I don't think I agree with this generalization.

Most engineers I know aren't the blind rule follower types. They are looking to creatively apply the rules they know about to solve interesting problems, and if they don't know, they are happy to experiment and make their own rules-of-thumb. Rather than follow the rules, they question the rules all the time to find a way around the rules.

On the other hand, many scientists I know are the "lawyer" types that want to kill all creativity that don't follow the rules (even if the rules have to be "tortured" to apply in that situation). I've known a few that would even get borderline violent when people were speculating outside the box.

I think that the common personality type that makes both scientists and engineers easier targets for terrorist recruitment is experience with social isolation and elitist attitudes that make it easy for them to dehumanize people that don't think like they do. Couple that with standard recruiting techniques and those people are easy to re-baseline (the key to radicalization).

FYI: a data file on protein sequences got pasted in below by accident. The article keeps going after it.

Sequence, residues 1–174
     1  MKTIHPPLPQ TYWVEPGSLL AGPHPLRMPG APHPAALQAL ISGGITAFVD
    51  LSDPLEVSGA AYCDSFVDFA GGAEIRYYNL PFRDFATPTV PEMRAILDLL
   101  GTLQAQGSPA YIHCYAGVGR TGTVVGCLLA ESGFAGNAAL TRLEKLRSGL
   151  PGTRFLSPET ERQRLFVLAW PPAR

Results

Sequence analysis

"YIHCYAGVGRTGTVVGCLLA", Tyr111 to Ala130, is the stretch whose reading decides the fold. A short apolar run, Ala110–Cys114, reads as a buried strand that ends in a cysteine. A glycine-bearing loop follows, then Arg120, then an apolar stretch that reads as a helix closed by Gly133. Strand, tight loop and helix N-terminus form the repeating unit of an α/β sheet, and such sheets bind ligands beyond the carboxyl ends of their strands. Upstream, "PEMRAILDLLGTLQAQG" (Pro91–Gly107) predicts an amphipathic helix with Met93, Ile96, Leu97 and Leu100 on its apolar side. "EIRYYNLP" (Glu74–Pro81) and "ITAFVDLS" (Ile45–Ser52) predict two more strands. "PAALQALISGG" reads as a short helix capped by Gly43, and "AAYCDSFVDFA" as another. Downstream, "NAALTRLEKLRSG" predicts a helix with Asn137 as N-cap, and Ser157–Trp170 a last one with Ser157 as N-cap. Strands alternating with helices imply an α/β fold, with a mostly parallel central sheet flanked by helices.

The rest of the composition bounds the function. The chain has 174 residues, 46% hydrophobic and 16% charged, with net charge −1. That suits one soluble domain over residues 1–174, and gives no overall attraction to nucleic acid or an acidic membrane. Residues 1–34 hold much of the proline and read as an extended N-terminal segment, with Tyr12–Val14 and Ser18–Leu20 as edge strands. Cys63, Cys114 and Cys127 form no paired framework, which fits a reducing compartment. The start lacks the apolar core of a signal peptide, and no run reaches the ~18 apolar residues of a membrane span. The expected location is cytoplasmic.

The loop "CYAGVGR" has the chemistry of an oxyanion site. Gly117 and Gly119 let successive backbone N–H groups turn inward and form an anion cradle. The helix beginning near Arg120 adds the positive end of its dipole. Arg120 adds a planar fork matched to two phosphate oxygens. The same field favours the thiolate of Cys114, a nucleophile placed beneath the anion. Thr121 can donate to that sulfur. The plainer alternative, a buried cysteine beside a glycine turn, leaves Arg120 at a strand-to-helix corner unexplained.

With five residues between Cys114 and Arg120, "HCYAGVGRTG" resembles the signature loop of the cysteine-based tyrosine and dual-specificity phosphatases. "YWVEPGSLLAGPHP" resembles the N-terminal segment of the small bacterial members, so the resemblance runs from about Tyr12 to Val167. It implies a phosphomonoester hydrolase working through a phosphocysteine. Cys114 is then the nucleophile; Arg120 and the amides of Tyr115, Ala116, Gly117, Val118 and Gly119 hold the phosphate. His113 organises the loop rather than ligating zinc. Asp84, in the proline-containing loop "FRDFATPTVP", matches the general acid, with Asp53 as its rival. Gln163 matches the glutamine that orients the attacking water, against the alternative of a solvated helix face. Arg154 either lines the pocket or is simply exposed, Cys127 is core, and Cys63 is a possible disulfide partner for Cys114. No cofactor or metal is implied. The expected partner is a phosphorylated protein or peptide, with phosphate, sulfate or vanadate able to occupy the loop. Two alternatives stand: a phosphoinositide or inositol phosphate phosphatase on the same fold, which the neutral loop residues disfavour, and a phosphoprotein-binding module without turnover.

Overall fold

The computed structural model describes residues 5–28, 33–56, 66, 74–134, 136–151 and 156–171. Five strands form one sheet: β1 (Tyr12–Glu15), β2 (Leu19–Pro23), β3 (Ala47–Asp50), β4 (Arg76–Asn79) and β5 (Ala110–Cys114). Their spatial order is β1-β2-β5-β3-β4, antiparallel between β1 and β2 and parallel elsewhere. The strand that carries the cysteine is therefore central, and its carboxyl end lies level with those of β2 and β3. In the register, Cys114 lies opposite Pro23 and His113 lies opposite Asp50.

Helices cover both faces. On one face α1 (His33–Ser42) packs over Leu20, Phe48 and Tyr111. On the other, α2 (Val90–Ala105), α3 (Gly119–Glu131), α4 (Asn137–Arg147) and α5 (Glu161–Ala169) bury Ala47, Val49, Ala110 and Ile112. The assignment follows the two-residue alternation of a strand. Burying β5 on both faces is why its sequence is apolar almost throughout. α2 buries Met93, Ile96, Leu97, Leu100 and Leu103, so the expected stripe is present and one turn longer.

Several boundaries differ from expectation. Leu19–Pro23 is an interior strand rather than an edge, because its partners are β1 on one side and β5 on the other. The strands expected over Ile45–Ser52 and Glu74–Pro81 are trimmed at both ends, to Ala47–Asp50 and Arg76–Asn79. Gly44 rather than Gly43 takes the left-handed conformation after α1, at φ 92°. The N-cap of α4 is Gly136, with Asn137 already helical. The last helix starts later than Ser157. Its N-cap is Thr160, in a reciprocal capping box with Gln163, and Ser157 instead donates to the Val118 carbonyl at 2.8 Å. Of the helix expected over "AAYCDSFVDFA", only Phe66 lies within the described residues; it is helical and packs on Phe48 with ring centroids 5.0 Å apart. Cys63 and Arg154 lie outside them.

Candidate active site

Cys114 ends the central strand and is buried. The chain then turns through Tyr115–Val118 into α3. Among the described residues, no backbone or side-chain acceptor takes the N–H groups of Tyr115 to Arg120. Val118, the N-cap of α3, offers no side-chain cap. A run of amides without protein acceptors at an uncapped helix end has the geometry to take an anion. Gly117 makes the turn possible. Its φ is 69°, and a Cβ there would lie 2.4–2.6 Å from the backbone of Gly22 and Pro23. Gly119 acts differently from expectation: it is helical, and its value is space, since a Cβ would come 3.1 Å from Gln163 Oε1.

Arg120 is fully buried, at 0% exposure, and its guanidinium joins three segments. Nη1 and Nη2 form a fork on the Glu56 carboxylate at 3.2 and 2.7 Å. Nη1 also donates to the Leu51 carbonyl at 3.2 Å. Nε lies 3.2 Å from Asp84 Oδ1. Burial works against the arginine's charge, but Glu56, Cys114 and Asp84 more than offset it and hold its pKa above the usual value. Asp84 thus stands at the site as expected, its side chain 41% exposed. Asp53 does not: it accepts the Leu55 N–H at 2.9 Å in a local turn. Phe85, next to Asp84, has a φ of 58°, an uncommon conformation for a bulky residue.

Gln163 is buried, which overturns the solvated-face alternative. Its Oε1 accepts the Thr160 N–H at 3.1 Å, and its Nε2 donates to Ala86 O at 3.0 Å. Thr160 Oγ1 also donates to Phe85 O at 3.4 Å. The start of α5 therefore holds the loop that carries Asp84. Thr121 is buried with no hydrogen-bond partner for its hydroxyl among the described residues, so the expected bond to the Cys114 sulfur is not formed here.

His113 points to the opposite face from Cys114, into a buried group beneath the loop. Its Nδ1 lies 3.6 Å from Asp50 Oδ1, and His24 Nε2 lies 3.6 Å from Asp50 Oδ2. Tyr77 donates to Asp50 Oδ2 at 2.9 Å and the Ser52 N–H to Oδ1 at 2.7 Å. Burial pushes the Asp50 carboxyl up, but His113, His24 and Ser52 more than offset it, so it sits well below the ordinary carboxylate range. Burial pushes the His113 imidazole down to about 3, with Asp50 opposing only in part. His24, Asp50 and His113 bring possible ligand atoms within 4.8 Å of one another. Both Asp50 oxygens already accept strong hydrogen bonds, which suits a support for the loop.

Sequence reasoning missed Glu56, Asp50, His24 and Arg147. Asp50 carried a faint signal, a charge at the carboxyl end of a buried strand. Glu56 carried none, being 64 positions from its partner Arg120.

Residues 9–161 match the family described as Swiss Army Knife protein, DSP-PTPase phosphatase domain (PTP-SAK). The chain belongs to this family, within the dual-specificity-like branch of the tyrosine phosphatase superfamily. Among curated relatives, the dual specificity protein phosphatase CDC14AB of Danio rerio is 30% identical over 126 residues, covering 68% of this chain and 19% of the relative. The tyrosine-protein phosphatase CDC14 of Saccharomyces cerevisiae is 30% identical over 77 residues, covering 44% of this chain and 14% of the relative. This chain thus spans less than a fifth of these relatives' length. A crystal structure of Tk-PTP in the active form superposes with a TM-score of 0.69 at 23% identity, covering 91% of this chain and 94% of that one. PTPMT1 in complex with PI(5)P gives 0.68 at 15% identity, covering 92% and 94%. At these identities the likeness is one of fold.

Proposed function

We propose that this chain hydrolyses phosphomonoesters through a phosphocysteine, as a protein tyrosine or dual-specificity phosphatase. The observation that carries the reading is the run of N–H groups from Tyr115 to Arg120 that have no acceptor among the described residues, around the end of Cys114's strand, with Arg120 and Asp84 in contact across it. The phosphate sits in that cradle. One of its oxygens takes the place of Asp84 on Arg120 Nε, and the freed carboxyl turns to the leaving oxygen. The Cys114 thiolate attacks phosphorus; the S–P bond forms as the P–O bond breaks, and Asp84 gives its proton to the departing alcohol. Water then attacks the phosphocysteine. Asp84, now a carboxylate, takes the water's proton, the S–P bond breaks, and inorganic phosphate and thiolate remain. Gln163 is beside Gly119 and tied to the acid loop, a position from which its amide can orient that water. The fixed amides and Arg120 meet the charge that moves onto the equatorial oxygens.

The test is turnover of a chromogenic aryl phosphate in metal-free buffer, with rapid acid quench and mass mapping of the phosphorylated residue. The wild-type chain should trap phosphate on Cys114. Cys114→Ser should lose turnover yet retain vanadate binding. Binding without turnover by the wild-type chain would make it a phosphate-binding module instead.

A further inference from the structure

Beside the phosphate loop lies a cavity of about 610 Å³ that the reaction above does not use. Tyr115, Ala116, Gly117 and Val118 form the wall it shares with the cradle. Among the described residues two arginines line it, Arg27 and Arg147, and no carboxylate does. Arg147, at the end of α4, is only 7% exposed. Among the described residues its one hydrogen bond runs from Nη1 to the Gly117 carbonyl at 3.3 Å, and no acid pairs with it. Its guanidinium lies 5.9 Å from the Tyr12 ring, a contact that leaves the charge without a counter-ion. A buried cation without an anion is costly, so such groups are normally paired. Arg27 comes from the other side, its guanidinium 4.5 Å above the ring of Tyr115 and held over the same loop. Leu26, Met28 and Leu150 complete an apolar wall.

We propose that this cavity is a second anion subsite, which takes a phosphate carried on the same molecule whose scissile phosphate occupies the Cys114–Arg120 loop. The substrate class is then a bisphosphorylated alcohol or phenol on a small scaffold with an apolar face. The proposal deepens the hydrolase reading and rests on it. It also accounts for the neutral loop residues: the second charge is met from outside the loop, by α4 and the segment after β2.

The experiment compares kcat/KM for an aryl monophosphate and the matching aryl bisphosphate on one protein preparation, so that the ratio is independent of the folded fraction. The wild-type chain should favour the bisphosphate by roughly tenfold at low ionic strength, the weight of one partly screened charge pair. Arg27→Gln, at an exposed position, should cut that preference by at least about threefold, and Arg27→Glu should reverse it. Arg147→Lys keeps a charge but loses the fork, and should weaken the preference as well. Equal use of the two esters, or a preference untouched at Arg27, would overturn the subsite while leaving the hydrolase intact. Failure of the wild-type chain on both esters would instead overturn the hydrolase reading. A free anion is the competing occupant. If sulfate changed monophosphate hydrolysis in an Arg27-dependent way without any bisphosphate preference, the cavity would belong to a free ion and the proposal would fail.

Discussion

The process of radicalization of a target generally starts by attempting to break rules that the target holds dear. Safety, fairness, corruption of heroes, falsification of memes, etc are all standard techniques here. Since no "rules" are universal, it's usually easy for a trained handler to pick low-hanging fruit here.

Next the handler introduce the target to a benign organization, it's important in this phase to help shift the identification to a different group. Helping out in a cultural center, or volunteering to assist in charitable causes will help the target empathize with the plight of people sympathetic to the terrorist group. The more socially isolated the person was before, the easier this processes (don't have to break as many existing ties).